Maximize the Rate of Learning
The traditional models of innovation, based on planning and making reasonable assumptions, don’t work. To make innovation work requires a radical rethink based on the reality of efforts that don’t go according to plan and that can achieve unreasonable levels of success: maximizing the rate of learning. In a recent webinar with the PDMA, Managing Innovation from Ideation to a Scalable Business — Lessons from the Real World, I described my bird model of innovation.
We’d all like our new innovations to soar. But many processes like phase-gate, designed for already soaring businesses, often kill baby birds. To get soaring innovations, follow these phases:
Innovation starts with the parent bird who is totally committed to building the nest. Finding this committed innovator with actionable insight is the work of the ideation phase. Ideas are not the inputs to the process, they are the byproduct of the committed innovator.
Most companies take their idea and just run down the most obvious path. But the best ideas can go in multiple directions and are plagued by uncertainty. Of all the possible eggs you might focus on, which one is your golden egg? Make uncertainty and ambiguity your allies by taking the time to formulate your innovation, developing an aligned learning plan. Formulation is continual, as most innovations need to be reformulated as you learn.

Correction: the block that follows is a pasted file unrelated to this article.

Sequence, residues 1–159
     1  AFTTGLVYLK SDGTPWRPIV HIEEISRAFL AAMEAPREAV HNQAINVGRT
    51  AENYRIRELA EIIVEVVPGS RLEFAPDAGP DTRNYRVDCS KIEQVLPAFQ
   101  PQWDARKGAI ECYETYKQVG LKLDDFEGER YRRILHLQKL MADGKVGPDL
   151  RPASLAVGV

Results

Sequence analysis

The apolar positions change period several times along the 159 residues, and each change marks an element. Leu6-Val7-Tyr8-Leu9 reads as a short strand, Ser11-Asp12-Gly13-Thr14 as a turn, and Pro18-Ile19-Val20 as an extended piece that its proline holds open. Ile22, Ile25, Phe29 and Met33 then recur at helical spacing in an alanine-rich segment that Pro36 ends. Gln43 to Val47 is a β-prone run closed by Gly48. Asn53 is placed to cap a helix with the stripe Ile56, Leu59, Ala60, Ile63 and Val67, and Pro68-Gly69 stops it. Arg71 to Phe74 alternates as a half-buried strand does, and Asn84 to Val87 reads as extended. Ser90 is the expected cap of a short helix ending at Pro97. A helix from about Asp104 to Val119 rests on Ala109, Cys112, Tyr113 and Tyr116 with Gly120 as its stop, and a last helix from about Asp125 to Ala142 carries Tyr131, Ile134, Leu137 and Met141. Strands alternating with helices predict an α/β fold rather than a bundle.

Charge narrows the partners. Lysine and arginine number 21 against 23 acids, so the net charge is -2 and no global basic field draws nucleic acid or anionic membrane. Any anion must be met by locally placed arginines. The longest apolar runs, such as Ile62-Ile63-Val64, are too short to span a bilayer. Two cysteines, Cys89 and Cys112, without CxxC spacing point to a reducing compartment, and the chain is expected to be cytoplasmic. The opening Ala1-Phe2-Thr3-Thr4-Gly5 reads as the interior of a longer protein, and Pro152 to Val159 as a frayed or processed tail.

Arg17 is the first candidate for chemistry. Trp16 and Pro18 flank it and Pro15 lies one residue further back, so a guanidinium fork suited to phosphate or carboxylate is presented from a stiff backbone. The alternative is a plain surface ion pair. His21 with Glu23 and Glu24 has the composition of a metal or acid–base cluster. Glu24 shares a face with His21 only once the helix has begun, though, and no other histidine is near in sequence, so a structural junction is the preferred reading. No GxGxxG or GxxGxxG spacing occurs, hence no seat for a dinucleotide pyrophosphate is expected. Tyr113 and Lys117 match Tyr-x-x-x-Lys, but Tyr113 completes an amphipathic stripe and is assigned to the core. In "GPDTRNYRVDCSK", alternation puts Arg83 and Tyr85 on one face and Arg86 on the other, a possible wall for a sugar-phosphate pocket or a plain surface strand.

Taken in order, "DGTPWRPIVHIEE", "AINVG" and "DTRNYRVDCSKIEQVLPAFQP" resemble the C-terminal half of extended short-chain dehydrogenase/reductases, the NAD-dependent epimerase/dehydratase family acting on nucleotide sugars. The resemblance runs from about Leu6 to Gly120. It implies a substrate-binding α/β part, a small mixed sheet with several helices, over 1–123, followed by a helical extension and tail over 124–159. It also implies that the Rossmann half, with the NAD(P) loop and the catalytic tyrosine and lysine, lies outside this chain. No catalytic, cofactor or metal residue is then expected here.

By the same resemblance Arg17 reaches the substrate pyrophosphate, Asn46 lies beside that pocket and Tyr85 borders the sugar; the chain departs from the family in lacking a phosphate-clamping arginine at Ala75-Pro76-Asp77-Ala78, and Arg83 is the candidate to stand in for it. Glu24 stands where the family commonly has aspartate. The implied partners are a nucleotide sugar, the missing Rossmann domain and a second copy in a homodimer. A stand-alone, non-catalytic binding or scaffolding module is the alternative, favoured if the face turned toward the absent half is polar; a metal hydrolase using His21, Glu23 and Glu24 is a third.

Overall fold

Once you’ve got your golden egg, you’ve got to incubate it to prove it out. Don’t focus on the work to be done, rather, focus on demonstrating the proof points: what do you want to know before mortgaging your house to invest in the idea? Along the way, expect to break some eggs, and reformulate a few times, as you expand your idea and finally close it down on a proven opportunity, your fledgling!
Resist the temptation to kick your fledgling out of the nest immediately, by, for example, submitting it to the crushing pressure of the quarterly P&L statement. Like an adolescent, fledglings benefit from some adult discipline but have many awkward issues to work out before they are ready to fly. Transitioning from proof-based metrics to business-based metrics is the work of the acceleration phase, and the result is a scalable business.
Your innovation can then soar!
Here is a replay of the webinar:
The abstract from the PDMA: For more than a decade, companies have focused on innovation. Hundreds of approaches to innovation have emerged, many with limited success. What has worked? What has not? Why have business leaders been disappointed with ideation? Why have many companies failed to realize the promise of innovation? SmartOrg’s David Matheson will provide answers to these and other questions and introduce a business model for selecting, developing and successfully exploiting innovative business opportunities.